Razer Nommo Chroma review: Only for PC gamers

Each speaker has a Razer Chroma RGB lighting ring underneath.

If you like games, you know the name of Razer. The company manufactures all kinds of peripherals for players, including keyboards, mice and headphones. We recently looked at one of their speaker configurations, the Nommo Pro, and as much as we liked, $ 300 is a high price to pay anyone. If you were interested in them but wanted something a little less expensive, then you should probably check the Razer Nommo Chroma speakers.

Who should get these

  • Someone who does not want to spend too much on a pair of computer speakers. These provide you with most of what Nommo Pro offers, simply without a subwoofer. But that is a fair change for something that costs half the price.
  • University students. The Nommo Pro was difficult to recommend to anyone with a shared living space due to the power of the subwoofer. The Nommo Chroma speakers are not as loud, and the lack of a booming bass will annoy your roommates / neighbors much less.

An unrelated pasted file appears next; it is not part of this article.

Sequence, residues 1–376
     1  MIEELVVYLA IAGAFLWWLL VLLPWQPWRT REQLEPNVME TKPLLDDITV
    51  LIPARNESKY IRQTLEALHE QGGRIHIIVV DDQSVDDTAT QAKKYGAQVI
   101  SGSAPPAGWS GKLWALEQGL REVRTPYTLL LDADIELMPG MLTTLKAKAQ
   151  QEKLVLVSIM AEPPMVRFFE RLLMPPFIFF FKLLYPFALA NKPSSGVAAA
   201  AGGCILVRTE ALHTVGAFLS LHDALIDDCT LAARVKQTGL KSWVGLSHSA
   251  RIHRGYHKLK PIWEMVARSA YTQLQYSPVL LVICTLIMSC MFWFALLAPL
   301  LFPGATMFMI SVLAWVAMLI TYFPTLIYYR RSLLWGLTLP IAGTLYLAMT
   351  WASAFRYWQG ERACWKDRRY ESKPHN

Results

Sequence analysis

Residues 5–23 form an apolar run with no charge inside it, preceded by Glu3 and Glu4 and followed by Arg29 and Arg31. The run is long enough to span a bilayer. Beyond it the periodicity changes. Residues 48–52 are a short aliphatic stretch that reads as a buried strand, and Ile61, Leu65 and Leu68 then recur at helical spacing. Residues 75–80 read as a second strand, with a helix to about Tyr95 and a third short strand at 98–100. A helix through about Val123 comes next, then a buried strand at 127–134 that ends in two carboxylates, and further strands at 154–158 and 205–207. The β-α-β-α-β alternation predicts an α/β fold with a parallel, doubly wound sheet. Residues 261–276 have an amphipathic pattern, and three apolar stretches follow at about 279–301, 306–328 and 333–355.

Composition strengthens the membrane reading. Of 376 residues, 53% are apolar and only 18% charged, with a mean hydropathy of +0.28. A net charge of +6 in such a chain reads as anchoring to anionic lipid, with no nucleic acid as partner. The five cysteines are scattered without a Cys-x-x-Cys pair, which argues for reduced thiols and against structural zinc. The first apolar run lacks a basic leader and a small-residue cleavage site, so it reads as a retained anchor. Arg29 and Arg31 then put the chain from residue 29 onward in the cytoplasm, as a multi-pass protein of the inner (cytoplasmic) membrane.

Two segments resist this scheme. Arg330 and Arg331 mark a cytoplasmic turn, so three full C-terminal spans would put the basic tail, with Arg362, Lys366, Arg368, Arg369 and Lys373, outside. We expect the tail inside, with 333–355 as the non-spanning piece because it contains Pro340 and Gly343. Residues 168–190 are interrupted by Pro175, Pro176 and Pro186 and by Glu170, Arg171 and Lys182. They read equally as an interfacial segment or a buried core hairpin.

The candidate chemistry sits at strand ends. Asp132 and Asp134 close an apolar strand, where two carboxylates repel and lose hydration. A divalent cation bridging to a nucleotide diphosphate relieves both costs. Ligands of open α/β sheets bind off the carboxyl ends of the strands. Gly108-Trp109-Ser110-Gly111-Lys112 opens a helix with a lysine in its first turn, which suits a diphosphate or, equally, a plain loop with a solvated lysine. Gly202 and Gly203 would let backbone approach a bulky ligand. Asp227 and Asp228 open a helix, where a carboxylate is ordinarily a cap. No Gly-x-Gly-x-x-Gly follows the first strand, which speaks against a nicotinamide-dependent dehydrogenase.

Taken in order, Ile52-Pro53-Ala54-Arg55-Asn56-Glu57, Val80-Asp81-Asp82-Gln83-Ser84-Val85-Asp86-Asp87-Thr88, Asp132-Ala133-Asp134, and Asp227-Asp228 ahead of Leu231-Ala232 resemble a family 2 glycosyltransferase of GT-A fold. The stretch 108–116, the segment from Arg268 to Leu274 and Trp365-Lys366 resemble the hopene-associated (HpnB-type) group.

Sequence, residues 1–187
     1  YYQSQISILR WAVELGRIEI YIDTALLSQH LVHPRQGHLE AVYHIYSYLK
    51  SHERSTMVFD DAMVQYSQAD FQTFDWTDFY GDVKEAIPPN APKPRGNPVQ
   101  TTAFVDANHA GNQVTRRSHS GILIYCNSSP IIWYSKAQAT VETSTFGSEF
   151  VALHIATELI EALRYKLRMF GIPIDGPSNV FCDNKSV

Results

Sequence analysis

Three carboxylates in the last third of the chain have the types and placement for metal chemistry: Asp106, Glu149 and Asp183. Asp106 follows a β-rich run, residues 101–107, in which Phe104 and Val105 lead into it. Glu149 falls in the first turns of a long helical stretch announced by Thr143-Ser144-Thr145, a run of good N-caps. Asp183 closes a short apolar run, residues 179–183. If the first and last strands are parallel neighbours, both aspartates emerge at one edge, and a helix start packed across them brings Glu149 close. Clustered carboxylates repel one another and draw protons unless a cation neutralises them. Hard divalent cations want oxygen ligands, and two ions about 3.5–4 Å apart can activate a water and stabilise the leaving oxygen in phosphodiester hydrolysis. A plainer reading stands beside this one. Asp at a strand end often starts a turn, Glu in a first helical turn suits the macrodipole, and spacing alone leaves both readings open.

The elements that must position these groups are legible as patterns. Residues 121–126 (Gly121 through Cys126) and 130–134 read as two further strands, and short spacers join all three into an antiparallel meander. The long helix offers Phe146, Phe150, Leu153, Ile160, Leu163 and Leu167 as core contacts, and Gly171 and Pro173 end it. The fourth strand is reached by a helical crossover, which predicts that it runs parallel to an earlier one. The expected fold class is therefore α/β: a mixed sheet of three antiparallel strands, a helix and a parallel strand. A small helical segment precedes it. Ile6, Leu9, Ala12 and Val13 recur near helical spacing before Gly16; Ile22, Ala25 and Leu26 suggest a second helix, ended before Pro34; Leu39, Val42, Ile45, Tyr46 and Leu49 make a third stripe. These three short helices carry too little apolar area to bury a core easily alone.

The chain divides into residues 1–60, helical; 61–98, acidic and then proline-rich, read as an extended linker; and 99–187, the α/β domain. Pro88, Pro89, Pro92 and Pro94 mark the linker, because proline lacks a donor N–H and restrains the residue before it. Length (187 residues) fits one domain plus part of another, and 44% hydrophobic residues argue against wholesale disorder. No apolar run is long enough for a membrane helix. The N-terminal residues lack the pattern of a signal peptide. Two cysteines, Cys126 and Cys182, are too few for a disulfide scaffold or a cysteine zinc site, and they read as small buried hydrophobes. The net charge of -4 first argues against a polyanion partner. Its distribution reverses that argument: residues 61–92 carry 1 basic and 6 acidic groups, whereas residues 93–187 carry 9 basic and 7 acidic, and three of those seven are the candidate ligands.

• Razer fans. If you are a fan of Chroma lighting that you can find in the entire Razer range of products, these may be for you.

How is the Razer Nommo Chroma manufactured?

  The volume and bass adjustment knobs of the Razer Nommo Chroma.

The two knobs on the speaker control volume and bass.

If you caught our revision of the Nommo Pro a while ago, the appearance of the Nommo Chroma should not take you by surprise. It is made of the same type of materials and even offers the same LED lighting under the two satellite speakers. But the similarities stop there. The Nommo Chroma is a diluted version of the Nommo Pro, which is not necessarily a bad thing. The obvious difference is that the Nommo Chroma is missing the giant Pro subwoofer, so the entire configuration is easier to manage: it lacks a strong extreme bass. It also lacks the dedicated 20mm tweeters, instead of going with just 3-inch full-range drivers to handle everything.

  In the photo is the Razer Nommo Chroma from the front.

Each satellite speaker has 3 "full-range drivers.

The design is equally elegant, as it is made of a smooth, completely black plastic that fortunately is not a fingerprint magnet. awkwardly huge, although they are only about 9 inches tall, they are 6 inches long, which is a nuisance if you do not have space on your desk, but the stand is where all the fun happens, since both speakers have a colored ring You can control these colors through a downloadable desktop application, but I do not worry about them getting out of the box, it's subtle and adds the right amount of style. for aesthetics, they also serve a functional purpose.